The Highlanders (Doctor Who)

From Wikipedia, the free encyclopedia
Jump to: navigation, search
031 – The Highlanders
Doctor Who serial
Highlanders.jpg
The Doctor and Polly encounter some Highlanders
Cast
Others
Production
Writer Elwyn Jones
Gerry Davis
Director Hugh David
Script editor Gerry Davis
Producer Innes Lloyd
Executive producer(s) None
Incidental music composer None
Production code FF
Series Season 4
Length 4 episodes, 25 minutes each
Episode(s) missing All episodes
Date started 17 December 1966
Date ended 7 January 1967
Chronology
← Preceded by Followed by →
The Power of the Daleks The Underwater Menace

The Highlanders is the completely missing fourth serial of the fourth season in the British science fiction television series Doctor Who, which was first broadcast in four weekly parts from 17 December 1966 to 7 January 1967. This serial is the first appearance of Frazer Hines as companion-to-be Jamie McCrimmon. Although audio recordings, still photographs, and clips of the story exist, no episodes of this serial are known to have survived.

Plot[edit]

Following the Battle of Culloden the British army is triumphant over the rebel forces of Bonnie Prince Charlie. When the TARDIS arrives, the Doctor, Ben and Polly encounter fleeing Scots rebels and are taken prisoner by them. They all hide in a deserted cottage with the Laird Colin McLaren, who has been badly wounded, his daughter Kirsty, his piper Jamie McCrimmon and his son Alexander, who dies defending them from a patrol of English soldiers mopping up survivors. The patrol leader, Lt. Algernon Ffinch, is an ineffectual fop but his Sergeant is more forceful and takes the Doctor, Jamie, Ben, and the Laird to be hanged; while Polly and Kirsty manage to slip away.

The two women end up hiding in a cave and then an animal pit to avoid Lt. Ffinch, who believes the Prince to be one of them following the rumour that he fled the battlefield as a woman. Eventually Ffinch finds them and they use their feminine wiles to entrap him and steal his money. Later in Inverness, the nearest major town to Culloden, they run into him again and use his previous foolishness to blackmail him.

Elsewhere on the battlefield the Royal Commissioner of Prisons, a shady character called Grey, has embarked on a scheme to enslave any highlanders still alive and ship them to the colonies. It is an illegal scam, but one he hopes will make him rich. He makes contact with an unscrupulous sea captain called Trask who agrees to put his ship, “The Annabelle”, to use in this end. Amongst the prisoners he identifies for sale are the Doctor, Jamie, Ben, and the Laird. They are taken to the prison in Inverness and incarcerated with many other prisoners, but the Doctor cons his way out of the drenched cell and then overpowers Grey and his secretary Perkins in order to make his escape. Grey is freed by Trask; and the captain reports that the transportation plan has begun and arranges that a number of prisoners, including Jamie, Ben and the Laird, are transferred to the ship. It is not long before the prisoners work out they are being sold as slaves but most accept this fate, believing seven years indentured labour (a lie) is better than the gallows. Only Ben, Jamie, the Laird and one of his friends, Willie Mackay, refuse to sign. When Ben attacks Grey, Trask has him thrown to the sea at the end of a rope.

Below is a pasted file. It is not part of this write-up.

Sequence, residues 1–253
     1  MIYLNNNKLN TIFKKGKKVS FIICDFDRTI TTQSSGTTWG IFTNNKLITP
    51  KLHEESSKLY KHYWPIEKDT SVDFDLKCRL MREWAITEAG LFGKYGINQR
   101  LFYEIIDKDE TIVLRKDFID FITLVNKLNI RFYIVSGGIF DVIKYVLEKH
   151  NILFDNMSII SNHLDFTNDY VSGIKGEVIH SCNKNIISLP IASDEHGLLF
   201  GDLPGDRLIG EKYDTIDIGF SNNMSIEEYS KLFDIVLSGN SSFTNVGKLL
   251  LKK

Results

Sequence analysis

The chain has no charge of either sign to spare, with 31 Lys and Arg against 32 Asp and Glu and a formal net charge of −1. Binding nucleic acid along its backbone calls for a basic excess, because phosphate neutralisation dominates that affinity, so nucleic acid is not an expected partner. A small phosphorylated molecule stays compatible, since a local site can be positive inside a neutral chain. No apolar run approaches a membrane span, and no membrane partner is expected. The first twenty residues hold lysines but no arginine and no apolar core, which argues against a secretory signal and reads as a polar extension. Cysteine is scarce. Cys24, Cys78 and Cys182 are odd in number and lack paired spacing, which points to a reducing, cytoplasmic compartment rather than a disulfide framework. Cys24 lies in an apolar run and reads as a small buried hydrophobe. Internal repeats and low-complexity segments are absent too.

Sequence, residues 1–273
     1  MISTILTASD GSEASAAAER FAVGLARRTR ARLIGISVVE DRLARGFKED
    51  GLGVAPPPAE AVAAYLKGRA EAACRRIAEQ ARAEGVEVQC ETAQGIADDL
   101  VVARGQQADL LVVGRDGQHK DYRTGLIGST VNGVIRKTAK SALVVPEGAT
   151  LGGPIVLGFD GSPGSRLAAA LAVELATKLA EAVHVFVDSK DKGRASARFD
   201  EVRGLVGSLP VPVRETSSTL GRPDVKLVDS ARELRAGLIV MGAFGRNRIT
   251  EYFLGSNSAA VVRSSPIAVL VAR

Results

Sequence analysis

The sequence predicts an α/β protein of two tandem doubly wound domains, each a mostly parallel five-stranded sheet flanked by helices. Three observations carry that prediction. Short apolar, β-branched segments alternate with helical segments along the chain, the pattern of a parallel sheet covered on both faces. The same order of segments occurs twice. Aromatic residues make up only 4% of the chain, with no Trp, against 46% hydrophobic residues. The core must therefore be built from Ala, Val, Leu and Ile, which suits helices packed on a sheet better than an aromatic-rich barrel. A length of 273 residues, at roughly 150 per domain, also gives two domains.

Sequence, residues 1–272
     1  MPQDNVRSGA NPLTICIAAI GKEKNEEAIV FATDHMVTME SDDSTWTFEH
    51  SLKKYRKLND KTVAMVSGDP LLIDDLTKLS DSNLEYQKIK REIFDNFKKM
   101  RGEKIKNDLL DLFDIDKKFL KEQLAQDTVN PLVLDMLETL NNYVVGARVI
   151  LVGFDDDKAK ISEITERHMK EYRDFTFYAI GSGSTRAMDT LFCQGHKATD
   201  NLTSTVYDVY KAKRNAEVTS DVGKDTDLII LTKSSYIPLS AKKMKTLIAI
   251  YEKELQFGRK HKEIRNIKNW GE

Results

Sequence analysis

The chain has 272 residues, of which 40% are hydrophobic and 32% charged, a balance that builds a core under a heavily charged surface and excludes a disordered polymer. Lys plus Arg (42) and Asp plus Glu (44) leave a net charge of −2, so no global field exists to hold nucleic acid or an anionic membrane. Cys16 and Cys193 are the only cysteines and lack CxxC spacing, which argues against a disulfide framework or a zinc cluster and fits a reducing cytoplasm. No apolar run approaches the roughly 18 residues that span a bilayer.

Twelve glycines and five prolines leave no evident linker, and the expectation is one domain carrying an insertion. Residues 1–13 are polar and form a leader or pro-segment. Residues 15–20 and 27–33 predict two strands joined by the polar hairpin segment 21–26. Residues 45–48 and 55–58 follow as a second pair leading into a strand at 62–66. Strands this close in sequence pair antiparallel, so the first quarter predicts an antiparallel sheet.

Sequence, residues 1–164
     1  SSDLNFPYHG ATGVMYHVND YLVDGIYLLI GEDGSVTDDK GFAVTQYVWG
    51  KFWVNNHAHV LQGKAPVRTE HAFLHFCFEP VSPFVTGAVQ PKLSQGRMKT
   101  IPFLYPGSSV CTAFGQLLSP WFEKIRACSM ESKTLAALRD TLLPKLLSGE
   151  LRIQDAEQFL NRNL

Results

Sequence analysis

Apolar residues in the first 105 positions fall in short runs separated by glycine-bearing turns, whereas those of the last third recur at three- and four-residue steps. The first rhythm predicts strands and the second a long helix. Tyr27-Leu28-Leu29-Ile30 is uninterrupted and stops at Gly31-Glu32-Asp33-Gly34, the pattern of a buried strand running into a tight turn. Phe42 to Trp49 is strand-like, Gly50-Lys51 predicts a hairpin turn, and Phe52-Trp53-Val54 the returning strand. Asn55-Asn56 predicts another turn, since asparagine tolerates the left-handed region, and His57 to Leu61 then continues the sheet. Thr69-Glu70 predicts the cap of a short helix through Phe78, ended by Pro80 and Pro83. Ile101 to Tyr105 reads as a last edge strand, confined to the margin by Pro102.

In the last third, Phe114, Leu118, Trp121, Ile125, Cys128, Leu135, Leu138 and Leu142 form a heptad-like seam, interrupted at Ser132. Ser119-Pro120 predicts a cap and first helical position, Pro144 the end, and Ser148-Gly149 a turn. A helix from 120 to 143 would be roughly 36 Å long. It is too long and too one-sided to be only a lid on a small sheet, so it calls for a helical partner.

The Doctor meanwhile has adopted the guise of a kitchen maid as well as a German and uses these identities to move freely around. He is reunited with Polly and Kirsty and, shortly afterward, Ben who has swum to safety. The Doctor boldly returns to Grey, having concocted a story about Bonnie Prince Charlie’s ring and him knowing the fugitive Prince’s whereabouts. Indeed, he names the prince as the piper Jamie. This is all a ruse to distract Grey and Trask while the girls free the prisoners from the hold and supply them with arms for an uprising. When Grey and Trask go examine Jamie in the hold they are captured by the armed highlanders and a revolt begins. Trask flees and ends up wounded and in the sea. Willie Mackay takes control of the Annabelle and determines to sail her to freedom in France, happy to accept Perkins as a willing volunteer for this journey. Kirsty and her father are also passengers on the ship as it makes its bid for freedom.

The Doctor, Ben and Polly return to the town, using Grey as a hostage to ensure their safe passage around the area, and are joined by Jamie, who has decided to stay and help them find the TARDIS and therefore misses the boat to France with his fellows. The party lose Grey but find Ffinch, whom they force to help them return to Culloden. But Grey has been clever: he reaches the cottage where he first met the Doctor, and brings with him a patrol of soldiers. Ffinch performs one last service – this one more purposefully without blackmail – when he arrests Grey for the transportation scheme. The solicitor has lost the paperwork (thanks to the Doctor) and is unable to prove any legality about his plans. Thanked by a kiss from Polly, Lt. Ffinch departs. The Doctor, Ben and Polly return to the TARDIS and invite their new friend, Jamie McCrimmon, on board. He nervously accepts.